Newly-formed Asian American Foundation headed by Indian-American raises more than $1 billion

Sonal Shah, executive director of the Beeck Center for Social Impact at Georgetown University. Photo:

Just two weeks into its existence, the Newly-formed Asian American Foundation, TAAF, established with high profile leaders and celebrities, announced May 20, 2021, that it is committing more than $1 billion “To serve the Asian American and Pacific Islander community in their pursuit of belonging and prosperity that is free from discrimination, slander, and violence.”

The organization’s president is Sonal Shah, a professor at Georgetown University’s Beeck Center for social Impact and Innovation, and a former Obama Administration official who also headed Google’s Global Development Initiatives in the past.

Through Its “AAPI Giving Challenge,” a five-year commitment, TAAF has raised this support for AAPI organizations and causes, thanks to philanthropic, corporate, and individual partners, said a press release from the organization.

The impressive list of big-name supporters includes in the ‘individual’ category Raj and Reena Agrawal.

Leaders of TAAF, and its Advisory Council members briefed President Biden and Vice President Kamala Harris at the White House May 20, on their plans to provide increased resources to AAPI communities.

The organization said it has raised nearly $1.1 billion as part of the “AAPI Giving Challenge”, building upon an initial commitment from the TAAF board of $125 million announced on May 3rd, which was already the largest philanthropic commitment in history fully focused on supporting Asian Americans and Pacific Islanders.

According to TAAF, AAPI communities have historically been severely underfunded, receiving less than 0.5% of charitable giving.

“TAAF was founded to close critical gaps of support for Asian Americans and Pacific Islanders and end the longstanding underinvestment in our communities. Today’s historic announcement should send a clear signal to the 23 million AAPIs living in this country that TAAF and our AAPI Giving Challenge partners are here to upend the status quo in favor of a better, brighter future for AAPI communities,” Shah is quoted saying in the press release.

“The AAPI Giving Challenge was created to invite other funders, leaders, and philanthropists to the table to help TAAF advance our mission, and we have been overwhelmed by the outpouring of support we’ve received in such a short period of time. It’s amazing to know that we are not alone in wanting to help lift up AAPI communities. In fact, there’s a long list of organizations and people who are joining us in saying enough is enough — the time for change is now,” Shah added.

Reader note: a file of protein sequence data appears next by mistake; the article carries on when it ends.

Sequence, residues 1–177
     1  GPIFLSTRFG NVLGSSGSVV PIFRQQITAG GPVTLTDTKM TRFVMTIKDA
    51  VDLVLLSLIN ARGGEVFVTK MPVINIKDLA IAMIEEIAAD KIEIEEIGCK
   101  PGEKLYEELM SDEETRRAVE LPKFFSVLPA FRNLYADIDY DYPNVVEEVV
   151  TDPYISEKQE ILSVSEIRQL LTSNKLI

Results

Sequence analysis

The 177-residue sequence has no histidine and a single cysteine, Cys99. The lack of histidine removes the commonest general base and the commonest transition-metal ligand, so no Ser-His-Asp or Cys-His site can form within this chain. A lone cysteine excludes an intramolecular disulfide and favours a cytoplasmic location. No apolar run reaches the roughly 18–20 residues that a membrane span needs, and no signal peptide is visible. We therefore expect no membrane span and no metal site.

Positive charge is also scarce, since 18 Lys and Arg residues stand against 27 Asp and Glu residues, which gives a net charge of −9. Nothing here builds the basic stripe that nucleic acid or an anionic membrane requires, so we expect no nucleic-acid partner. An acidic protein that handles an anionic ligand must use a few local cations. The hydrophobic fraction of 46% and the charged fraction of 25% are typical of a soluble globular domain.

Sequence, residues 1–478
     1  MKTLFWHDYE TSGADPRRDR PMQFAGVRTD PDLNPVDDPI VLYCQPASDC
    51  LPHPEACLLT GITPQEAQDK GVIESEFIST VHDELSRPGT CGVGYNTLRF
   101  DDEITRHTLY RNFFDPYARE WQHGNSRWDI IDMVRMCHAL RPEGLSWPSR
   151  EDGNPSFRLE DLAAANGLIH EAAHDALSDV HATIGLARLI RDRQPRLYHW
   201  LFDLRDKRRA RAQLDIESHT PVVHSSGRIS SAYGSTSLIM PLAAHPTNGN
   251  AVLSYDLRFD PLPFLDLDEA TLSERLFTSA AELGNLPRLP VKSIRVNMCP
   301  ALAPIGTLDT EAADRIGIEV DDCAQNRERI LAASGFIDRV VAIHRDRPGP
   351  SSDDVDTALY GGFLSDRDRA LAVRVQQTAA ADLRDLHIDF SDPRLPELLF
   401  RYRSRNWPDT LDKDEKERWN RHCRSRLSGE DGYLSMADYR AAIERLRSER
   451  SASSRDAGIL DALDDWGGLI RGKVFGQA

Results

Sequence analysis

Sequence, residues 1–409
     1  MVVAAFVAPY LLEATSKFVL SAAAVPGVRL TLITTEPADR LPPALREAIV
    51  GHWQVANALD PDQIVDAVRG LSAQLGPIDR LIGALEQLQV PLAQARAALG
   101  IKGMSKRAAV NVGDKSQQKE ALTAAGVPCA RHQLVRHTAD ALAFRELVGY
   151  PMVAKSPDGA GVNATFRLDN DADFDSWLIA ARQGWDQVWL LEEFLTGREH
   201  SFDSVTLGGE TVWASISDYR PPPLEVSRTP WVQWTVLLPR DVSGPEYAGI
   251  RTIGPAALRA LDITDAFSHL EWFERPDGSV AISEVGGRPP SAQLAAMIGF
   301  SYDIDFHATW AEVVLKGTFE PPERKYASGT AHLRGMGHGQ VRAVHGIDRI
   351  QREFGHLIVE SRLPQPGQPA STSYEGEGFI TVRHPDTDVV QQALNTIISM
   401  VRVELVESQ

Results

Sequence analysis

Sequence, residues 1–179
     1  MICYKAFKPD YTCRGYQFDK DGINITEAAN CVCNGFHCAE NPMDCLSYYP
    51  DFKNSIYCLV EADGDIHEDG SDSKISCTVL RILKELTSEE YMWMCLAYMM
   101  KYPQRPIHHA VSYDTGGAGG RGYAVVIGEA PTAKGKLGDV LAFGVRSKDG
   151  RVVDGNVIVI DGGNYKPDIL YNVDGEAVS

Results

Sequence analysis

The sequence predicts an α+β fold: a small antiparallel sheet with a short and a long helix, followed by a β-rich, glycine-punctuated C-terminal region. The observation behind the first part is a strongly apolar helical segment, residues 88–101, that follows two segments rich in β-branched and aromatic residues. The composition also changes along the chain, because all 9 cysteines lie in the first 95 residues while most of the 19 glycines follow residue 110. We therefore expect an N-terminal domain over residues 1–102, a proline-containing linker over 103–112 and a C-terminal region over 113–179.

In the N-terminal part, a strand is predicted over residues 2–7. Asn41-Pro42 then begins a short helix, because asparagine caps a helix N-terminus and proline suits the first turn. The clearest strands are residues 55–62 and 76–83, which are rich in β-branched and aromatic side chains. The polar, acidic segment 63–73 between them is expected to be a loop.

Shah and members of TAAF’s Board attended a meeting at the White House May 20, afternoon to discuss their commitment to AAPI communities, briefing Biden-Harris administration officials on their plans to deploy the committed resources across the foundation’s three priority investment areas: combating anti-AAPI hate, data and research, and education.

At the White House, they also discussed the importance of business, philanthropy, and nonprofits working together for change.

Members of TAAF’s Advisory Council, including Daniel Dae Kim and Lisa Ling joined the meeting virtually, as did some of the foundation and corporate partners that made contributions to the fundraiser, including representatives from the Anti-Defamation League, MacArthur Foundation, Henry Luce Foundation, Mastercard, Bain & Company, and sweetgreen.

Representatives of TAAF met with White House Public Engagement Director Cedric Richmond, Domestic Policy Advisor Susan Rice, and Deputy Assistant to the President and AAPI Senior Liaison Erika Moritsugu. President Biden and Vice President Harris dropped by the meeting to express their support for TAAF and solidarity with the AAPI community.

A full list of TAAF’s AAPI Giving Challenge partners are listed on its website,, and they include leading foundations and corporations, as well as individual donors. Partners either pledged contributions to the $1 billion raised so far through the AAPI Giving Challenge, or they made in-kind commitments to support AAPI communities with TAAF’s help. Some of the money raised will go into TAAF, though the vast majority will go directly to AAPI communities. In some cases, TAAF will advise its AAPI Giving Challenge partners on how best to deploy their financial commitments. In addition, TAAF is also asking its corporate partners to prioritize AAPIs in their diversity, equity, and inclusion (DEI) agendas.

The Asian American Foundation describes itself as “a convener, incubator, and funder committed to accelerating opportunity and prosperity for AAPI communities,” and building infrastructures that effectively take action against hate and violence, and advocate for the communities.

Among the many Indian-American organizations that are working with TAAF, is a California based nonprofit, the South Asian Network (SAN) which began a fundraiser via the Give In May campaign sponsored by Wallace H. Coulter Foundation and the Asian American Foundation in honor of Asian Pacific American Heritage Month.

The devastating impact of COVID-19 continues to take a toll on the Asian American and Pacific Islander (AAPI) community, SAN said in a press release, including hate crimes and violence.

Zainab Syeda, SAN interim executive director, said in a press release that the organization aims to raise $10,000.



Please enter your comment!
Please enter your name here